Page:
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UK Government proposes new measures to encourage sustainable Biofuels



22nd June, 2007

UK Transport Secretary Douglas Alexander

UK Transport Secretary Douglas Alexander underlined the Government's commitment to sustainable biofuels yesterday, as he launched a consultation on an environmental reporting system for this type of fuel and a package of measures to complement the reporting requirement.

The consultation is a key part of work on the Renewable Transport Fuel Obligation (RTFO), which means that by 2010, 5% of all the fuel sold on UK forecourts (petrol stations) should come from biofuels. This is expected to save 1 million tonnes of carbon a year, the equivalent of taking 1 million cars off the road.

In addition to the consultation, the UK Secretary of State yesterday announced that:

* from April 2010 the UK Government aims to reward biofuels under the RTFO according to the amount of carbon they save. This will be subject to compatibility with EU and WTO requirements and future consultation on the environmental and economic impacts;

* from April 2011 the Government aims to reward biofuels under the RTFO only if they meet appropriate sustainability standards. This will be subject to the same provisos as above and subject to the development of such standards for the relevant feedstocks.

* the UK Government will ask the RTFO Administrator to report every three months on the effectiveness of the RTFO's environmental reporting system, and on the carbon and sustainability effects of the RTFO;

* the Government intends to set challenging targets for: the level of greenhouse gas savings they expect to see from biofuels used to meet the RTFO, the proportion of biofuels from feedstock grown to recognised sustainability standards and the amount of information they expect to be included in sustainability reports;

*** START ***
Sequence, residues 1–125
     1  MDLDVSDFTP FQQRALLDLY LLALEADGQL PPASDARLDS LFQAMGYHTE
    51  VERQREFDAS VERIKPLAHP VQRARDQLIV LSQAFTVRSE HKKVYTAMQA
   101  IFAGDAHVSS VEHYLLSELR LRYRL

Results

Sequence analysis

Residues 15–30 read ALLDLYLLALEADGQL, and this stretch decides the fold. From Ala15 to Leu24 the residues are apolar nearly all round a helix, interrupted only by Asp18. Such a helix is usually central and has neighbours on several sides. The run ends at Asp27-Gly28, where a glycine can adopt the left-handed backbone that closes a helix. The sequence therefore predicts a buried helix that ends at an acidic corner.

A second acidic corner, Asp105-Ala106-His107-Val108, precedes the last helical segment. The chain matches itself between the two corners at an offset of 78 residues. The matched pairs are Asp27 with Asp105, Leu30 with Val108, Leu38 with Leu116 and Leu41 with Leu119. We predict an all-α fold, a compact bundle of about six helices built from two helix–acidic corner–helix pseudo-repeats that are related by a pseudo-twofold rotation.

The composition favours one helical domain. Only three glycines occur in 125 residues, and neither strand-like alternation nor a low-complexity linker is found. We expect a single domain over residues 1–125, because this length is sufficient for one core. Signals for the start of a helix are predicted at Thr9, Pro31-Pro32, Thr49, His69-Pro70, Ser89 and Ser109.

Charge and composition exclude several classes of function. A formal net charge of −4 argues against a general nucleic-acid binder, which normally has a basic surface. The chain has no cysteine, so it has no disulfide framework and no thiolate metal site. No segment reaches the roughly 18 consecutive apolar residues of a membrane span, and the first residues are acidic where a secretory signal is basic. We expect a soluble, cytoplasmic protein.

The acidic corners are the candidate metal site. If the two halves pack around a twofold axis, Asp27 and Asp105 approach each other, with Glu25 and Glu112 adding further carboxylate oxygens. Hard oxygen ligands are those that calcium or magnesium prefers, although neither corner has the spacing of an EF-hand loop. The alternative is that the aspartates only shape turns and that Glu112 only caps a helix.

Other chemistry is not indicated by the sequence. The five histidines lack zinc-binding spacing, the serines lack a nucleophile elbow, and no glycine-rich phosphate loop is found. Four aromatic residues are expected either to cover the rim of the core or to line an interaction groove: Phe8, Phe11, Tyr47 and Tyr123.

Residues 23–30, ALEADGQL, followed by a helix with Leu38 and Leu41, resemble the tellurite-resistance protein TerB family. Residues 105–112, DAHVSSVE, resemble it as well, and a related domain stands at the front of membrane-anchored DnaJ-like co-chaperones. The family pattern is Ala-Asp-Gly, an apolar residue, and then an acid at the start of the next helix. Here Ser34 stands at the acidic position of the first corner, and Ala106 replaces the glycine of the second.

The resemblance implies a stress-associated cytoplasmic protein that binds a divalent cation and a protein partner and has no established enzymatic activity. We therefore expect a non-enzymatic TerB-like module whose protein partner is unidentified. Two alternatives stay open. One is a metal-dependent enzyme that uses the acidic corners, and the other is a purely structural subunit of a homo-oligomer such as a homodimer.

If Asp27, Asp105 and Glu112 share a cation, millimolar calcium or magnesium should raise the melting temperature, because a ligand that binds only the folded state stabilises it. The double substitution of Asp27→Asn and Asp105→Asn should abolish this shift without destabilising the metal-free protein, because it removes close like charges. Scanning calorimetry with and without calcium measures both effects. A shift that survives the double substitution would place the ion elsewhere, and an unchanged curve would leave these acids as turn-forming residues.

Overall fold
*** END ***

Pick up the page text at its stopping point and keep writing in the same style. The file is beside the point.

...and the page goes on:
* the UK Government has asked the Low Carbon Vehicle Partnership to explore the feasibility of a voluntary labelling scheme, allowing responsible retailers to show that the biofuels they supply are genuinely sustainable. Any scheme would need to be compatible with WTO rules.

Douglas Alexander said, yeterday:

"Biofuels present an opportunity to address the climate change impact of transport. But we must ensure appropriate safeguards are in place. The UK is leading international debate on this issue. We are one of the first countries to develop a detailed methodology to allow transport fuel suppliers to report in detail on the carbon and sustainability impacts of their biofuels. And the comprehensive package of new measures we are proposing today only strengthens this global leadership role, by making clear our determination to put in place a mandatory sustainability framework for biofuels, putting us at the forefront globally of tackling this important issue."

To receive certificates under the RTFO scheme from April 2008, it is intended that transport fuel suppliers will have to complete a report on the carbon savings offered by their biofuels, as well as on the wider sustainability impacts associated with them. The RTFO Administrator will publish information on the environmental impacts of the RTFO. The consultation sets out the detail of the proposed requirements for these reports.